3 of 4: EcoSex @ U Conn – Ryan and Jetha’s Sex at Dawn – Student Responses: Alexandra’s Take
The EcoSex course at U Conn is complete. It was a great experience. We spent time reading amazing books. And here we resume posts to be shared with you. Thinking out of the box and across disciplines. Students had been sending their responses in, with discussion questions. In class, we did connected the dots: a holograph of what we’ve read together, the “required readings.” Multiple perspectives and good synergy. Here, we offer a glimpse. Christopher Ryan and Cacilda Jetha’s Sex at Dawn was one of two cultural-theory theory books. We got four responses: from Adam, Michael, Alexandra, and Rhiann.
Here is Alexandra’s take:
The following is a response to The Pervert’s Lament. The idea that testosterone increases libido is valid. That being said, estrogen, also increases libido. Thus, claiming
that men have a higher sex drive than women based on their hormones, which is implied by the man’s statement, “The most overwhelming feeling was the incredible increase in libido and change in the way I perceived women… Everything I looked at, everything I touched turned into sex… I felt like a monster… It made me understand men.” I do not deny that the man, recently undergone a sex change, felt this way. I argue that he either was experiencing the placebo effect, or had higher testosterone levels as a man relative to the testosterone levels he had as a woman. Men are not inherently “monsters” due to their biology, nor are men more sexually inclined than females. Thinking this increases a belief in a destructive social more that is often cited as the cause of rape culture. “Boys just can’t control themselves,” people say. This then excuses men from acts of rape and also demonizes them as the monsters who would partake in such acts. This is a self fulfilling prophecy. If we raise men to believe that they are inherently more sexual than women, they will act more sexual than women.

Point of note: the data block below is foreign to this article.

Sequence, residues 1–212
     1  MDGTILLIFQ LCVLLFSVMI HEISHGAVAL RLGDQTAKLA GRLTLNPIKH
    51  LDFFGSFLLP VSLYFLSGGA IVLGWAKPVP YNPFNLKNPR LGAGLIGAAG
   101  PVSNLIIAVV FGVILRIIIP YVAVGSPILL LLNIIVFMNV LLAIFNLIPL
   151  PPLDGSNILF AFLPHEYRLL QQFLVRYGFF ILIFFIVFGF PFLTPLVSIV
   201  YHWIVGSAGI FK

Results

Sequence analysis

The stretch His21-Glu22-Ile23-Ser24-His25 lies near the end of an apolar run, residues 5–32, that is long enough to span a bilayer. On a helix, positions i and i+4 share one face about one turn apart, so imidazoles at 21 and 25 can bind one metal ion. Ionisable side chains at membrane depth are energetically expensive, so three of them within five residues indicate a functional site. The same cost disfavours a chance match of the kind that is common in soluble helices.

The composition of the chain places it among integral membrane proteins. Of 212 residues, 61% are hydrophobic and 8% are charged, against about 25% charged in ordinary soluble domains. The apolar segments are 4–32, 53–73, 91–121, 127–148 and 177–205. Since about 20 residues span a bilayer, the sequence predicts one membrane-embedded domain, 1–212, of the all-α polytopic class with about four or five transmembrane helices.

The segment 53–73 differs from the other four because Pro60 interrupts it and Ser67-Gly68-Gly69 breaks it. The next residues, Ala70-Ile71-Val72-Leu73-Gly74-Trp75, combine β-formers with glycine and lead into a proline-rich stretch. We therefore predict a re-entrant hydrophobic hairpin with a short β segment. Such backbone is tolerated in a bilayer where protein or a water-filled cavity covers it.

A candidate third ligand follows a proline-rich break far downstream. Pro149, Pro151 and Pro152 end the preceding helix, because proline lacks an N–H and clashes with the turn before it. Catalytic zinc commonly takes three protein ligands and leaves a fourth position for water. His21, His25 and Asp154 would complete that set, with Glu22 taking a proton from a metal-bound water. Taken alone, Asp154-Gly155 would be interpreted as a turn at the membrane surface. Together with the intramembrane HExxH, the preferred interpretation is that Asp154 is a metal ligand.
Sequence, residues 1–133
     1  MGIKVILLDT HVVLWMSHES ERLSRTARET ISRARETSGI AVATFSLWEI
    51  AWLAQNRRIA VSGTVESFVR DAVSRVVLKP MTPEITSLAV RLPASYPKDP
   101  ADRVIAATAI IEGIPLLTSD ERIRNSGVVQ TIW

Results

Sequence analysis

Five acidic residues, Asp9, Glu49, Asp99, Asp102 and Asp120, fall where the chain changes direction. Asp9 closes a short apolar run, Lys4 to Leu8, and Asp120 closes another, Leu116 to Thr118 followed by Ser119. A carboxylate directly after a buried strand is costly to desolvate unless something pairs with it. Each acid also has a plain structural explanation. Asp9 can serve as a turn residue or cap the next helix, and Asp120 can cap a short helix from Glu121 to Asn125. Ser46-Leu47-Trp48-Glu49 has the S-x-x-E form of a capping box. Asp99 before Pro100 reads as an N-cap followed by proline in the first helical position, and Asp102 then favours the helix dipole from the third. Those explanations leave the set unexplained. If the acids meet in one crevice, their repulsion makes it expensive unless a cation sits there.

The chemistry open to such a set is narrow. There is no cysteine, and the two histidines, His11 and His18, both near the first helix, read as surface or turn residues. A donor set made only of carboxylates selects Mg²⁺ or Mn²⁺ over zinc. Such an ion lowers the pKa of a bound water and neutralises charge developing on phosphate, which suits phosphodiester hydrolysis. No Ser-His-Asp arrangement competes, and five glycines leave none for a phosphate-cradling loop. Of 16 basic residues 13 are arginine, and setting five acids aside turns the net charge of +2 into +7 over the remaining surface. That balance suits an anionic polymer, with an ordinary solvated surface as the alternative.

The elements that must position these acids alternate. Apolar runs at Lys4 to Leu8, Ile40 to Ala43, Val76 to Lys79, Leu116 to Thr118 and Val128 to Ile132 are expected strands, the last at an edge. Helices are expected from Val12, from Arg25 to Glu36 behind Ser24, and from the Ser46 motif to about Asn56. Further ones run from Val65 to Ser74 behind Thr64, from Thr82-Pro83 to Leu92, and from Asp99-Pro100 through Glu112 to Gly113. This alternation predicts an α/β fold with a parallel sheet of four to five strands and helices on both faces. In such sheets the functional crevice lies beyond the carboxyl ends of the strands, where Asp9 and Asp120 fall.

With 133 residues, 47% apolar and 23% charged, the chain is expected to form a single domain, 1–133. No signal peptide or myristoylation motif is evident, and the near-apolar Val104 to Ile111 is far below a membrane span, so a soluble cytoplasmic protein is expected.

While I agree that sexual oppression sparks many suicides I would argue that men commit more suicides than women not because they are more sexual than women, but because social standards for masculine gender are much more rigid than social standards for feminine. In a recent poll men and women were asked what they most feared. The majority of men said humiliation, while the majority of women said rape or murder. This reflects the intense pressure placed on men to fulfil a specific role in society. Humiliation stems from failure in business or in bed, and thus reflect failure of showcasing oneself as a man. This makes men more susceptible to small irritants and lower self esteem and happiness levels. Furthermore, men are not “allowed” to fear rapes or murders because it would reflect a certain unmanliness. “If you are strong, as legitimate men are, then you will be able to easily fend off assaults,” states society. I believe that such rigorous social constructs for the male gender create engendered rage. Men, feel trapped in a stagnant identity. If they try and escape said identity they are ridiculed not by females, but by other men. Men hate “feminine” characteristics in other men because they fear the “feminine” characteristics that rest in their own souls. This explains the high rates of homophobia in men. Thus, men both control and are slaves to societal norms. The only way out? Suicide.
Questions: Which do you think are more intense- gender norms for men or females?
Do you believe in inherent personality differences between men and women based on “sex” (biological aspects)?
Published with permission
WGSS 3998 – Ecosexuality and the Ecology of Love
Prof. Serena Anderlini-D’Onofrio
U Conn, Storrs, Spring 2013
Let “nature” be your teacher in the arts of love. Education is the heart of democracy, education to love. Come back for more wonders: Students Responses have resumed, to appear now every Tuesday. More Book Reports to be scheduled soon, every other Thursday.
Serena Anderlini-D’Onofrio, PhD
Gilf Gaia Extraordinaire
Author of Gaia, Eros, and many other books about loveProfessor of Humanities
University of Puerto Rico, Mayaguez
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